About half the time when a woman
does hit the nail on the head she drives
It in the wrong place.
If a woman didn't have a better
opinion of a man than he deserves she ;
would never fall in love with him.
The hardness of his way Is never !
realized by the transgressor until he •
gets a good hard fall on it
A poet says: "It is hard to be poor." j
Well, perhaps it is. but we always
imagined that it was easy to be a poor
Sunday—Cast thy burden upon the
Lord, and He shall sustain thee.
Monday—Come boldly to a throne of
grace and find help.
Tuesday—God s blessings come often
In strange guise, and are sometimes
far from welcome.
Wednesday—Nobody from without
can lead me into sin unless in my own
j heart I give my consent
Thursday—Every human being has
this inheritance, a body to keep under.
Friday—There is none other name
under heaven given among men where- j
by we must be saved.
Saturday—If the purpose is to serve
the Lord and our fellowmen, the mean-
I est labor is honorable.
While we were looking for the “sti-
ver lining” of our dark cloud, an auto
very near knocked us sky high.
We took the optimist's advice and
whistled at our work, and now we
have no more job than a rabbit
We started In to love our neighbor
as ourself, and the last time sre saw
i him be was blowing In our last $10
A GREATER TELEPHONE SYSTEM FOR TEXAS
Tmm Telephone w
A Journal of Telephone Information Published
by the Southwestern Bell Telephone Company
Long Distance Brings
Nation to Texas
More Than $2,060,000 Is
Being Spent In Texas
For Long Distance Lines
The Telephone Company tries to make
its business offices Service Stations—some-
thing more than business offices.
An effort is made to take care of ques-
tions and problems of telephone service in
a helpful, pleasing way. Business office
service is a part of your telephone service
and any office—or let's say Service Sta-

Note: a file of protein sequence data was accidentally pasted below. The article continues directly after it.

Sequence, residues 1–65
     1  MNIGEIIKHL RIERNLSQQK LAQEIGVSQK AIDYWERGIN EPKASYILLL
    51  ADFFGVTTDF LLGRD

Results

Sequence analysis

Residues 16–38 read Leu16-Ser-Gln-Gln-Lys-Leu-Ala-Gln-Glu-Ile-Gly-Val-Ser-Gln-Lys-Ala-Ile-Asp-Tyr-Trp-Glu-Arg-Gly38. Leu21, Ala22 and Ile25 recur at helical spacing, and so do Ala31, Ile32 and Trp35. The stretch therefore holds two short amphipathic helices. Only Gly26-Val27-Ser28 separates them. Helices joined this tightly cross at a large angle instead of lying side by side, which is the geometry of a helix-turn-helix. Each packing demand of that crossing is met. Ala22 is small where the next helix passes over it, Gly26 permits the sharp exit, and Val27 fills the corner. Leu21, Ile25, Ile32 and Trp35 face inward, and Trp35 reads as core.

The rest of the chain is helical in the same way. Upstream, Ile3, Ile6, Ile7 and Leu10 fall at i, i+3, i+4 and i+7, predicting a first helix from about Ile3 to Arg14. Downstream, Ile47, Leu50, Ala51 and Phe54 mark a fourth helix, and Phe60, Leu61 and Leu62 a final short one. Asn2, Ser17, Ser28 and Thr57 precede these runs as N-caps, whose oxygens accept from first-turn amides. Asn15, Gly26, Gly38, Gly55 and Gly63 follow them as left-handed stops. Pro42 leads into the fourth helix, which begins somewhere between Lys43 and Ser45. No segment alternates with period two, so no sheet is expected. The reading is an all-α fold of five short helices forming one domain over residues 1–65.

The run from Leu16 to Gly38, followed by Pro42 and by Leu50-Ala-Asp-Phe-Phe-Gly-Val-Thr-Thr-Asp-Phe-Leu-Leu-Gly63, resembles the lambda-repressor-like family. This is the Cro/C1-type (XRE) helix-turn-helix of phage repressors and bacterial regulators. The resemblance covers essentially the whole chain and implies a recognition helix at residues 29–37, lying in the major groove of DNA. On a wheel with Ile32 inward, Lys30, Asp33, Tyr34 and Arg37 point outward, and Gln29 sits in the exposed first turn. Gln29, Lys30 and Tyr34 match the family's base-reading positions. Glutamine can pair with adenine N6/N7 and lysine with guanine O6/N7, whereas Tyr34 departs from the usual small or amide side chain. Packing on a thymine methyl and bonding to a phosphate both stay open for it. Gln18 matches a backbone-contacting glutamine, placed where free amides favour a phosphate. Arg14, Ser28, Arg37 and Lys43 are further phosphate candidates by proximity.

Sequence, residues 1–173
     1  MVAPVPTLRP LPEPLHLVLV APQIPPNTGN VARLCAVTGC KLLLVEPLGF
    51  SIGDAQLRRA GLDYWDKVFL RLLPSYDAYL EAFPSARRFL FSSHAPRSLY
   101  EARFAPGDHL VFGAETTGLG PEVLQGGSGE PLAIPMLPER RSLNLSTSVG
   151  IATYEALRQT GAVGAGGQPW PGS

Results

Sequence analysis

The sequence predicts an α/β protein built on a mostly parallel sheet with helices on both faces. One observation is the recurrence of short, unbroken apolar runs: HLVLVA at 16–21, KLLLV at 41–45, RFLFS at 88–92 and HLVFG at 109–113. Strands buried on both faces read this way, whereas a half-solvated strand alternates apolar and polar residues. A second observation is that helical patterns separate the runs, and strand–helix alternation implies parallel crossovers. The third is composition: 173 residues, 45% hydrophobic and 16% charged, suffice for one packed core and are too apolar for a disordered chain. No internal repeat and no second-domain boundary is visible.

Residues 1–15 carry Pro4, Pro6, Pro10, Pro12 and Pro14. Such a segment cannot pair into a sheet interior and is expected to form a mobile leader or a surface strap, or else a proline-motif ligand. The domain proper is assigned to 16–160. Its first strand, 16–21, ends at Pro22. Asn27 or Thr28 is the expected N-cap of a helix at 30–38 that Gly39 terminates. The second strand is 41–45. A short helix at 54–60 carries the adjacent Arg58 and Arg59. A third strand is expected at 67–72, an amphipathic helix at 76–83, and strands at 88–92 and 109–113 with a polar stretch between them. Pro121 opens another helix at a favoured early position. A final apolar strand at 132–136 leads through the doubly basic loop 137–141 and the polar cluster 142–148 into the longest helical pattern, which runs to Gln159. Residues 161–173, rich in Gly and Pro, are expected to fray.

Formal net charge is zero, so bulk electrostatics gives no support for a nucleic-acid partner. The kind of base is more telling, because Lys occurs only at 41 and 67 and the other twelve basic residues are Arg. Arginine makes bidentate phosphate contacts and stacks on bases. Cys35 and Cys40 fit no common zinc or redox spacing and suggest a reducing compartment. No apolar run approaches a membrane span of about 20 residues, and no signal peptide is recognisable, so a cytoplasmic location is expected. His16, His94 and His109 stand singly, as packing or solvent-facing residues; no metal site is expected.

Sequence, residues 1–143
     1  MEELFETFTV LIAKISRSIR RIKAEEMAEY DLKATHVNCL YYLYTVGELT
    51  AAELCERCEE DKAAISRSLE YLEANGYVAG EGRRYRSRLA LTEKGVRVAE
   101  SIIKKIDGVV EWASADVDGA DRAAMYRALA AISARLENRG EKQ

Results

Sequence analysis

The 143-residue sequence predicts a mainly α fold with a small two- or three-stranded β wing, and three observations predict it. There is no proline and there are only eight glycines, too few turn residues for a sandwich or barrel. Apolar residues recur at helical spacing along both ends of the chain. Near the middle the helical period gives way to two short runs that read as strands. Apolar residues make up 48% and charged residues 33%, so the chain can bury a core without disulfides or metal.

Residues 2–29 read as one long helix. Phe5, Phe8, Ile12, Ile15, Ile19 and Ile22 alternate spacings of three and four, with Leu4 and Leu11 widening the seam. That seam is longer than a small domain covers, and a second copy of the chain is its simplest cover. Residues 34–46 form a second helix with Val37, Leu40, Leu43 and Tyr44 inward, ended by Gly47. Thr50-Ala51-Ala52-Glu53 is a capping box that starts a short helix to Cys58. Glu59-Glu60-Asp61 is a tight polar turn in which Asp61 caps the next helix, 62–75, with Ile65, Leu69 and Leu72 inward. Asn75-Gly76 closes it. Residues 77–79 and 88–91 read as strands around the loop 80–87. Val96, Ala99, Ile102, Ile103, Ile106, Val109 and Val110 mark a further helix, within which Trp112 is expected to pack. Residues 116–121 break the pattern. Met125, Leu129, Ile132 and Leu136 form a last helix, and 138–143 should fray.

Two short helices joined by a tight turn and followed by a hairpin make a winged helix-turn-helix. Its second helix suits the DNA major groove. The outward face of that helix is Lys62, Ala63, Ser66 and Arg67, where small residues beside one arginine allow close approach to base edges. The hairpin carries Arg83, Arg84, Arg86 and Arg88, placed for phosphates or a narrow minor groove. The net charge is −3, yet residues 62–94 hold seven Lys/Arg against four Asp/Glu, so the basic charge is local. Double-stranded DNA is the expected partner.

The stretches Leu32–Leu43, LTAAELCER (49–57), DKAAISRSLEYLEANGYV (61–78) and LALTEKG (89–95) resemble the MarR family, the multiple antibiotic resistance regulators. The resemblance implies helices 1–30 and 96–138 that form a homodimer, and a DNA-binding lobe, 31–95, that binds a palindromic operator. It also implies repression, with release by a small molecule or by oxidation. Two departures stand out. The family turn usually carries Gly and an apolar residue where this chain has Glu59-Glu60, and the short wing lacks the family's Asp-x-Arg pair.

tion—of the Company
will gladly serve you.
1 f you are an A. T. &
T. stockholdcr you have
valuable rights in con-
nection with the new
stock issue recently an-
nounced by the Com-
For every six shares
you now own, you may
buy one share of the
new issue at par If
you have less than six
shares, you may buy
additional rights or sell
your rights. Any busi-
ness office of thir Com-
pany will be glad to
help you make proper
use of your A. T. & T.
throughout all the
land, unto ah the
in hah it ant s
the legend in-
scribed on what was later to
be known as the Liberty Bell,
when in 1776, it heralded the
adoption of the Declaration
A century' later Alexander
Graham Bell gave to America,
in the telephone, an instru-
mentality of a new form of
freedom. In his contacts with
his fellows, man had achieved
a new independence.
For fifty years this emanci-
pation of speech has under-
gone an unceasing evolution,
until today man'« voice speeds
from coast to coast, borne on
the wires of a nation-wide
Every year, almost every day, sees an
- mprovement or extension of facilities for
long distance telephone communication.
In Texas at the present time, there are
more than 130,300 miles of telephone wire
threading the State with telephone talk
This year in Texas, $2,060,000 is being
spent for cable, wires, poles, repeaters, and
other long distance equipment.
Long Distance Service
The ease and speed with which longdis-
tance station-to-station calls can be handled
i s making this class of service more popular
every day. This is just like placing a local
call: you give the operator the name cf the
distant town and the number of the tele-
That this faster and
cheaper service is pre-
ferred by long distance
users is shown by the
fact that in some of the
larger cities over 70%
of the calls are station-
Many calls are not
completed because the
calling subscriber hangs
up before his ca 11 is an-
swered. If a call is not
answered promptly, it
is often assumed that
no one is at home.
Your telephone ser-
vice will be improved if
you will answer incom-
ing calls promptly and
wait a reasonable time
before hanging up when
you are calling someone
else. Don’t hang up
USE YOUR A. T. & T. RIGHTS
Here’s what’s next.
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The Kingsville Record (Kingsville, Tex.), Vol. 19, No. 47, Ed. 1 Wednesday, July 14, 1926, newspaper, July 14, 1926; Kingsville, Texas. (texashistory.unt.edu/ark:/67531/metapth869651/m1/4/: accessed June 18, 2018), University of North Texas Libraries, The Portal to Texas History, texashistory.unt.edu; .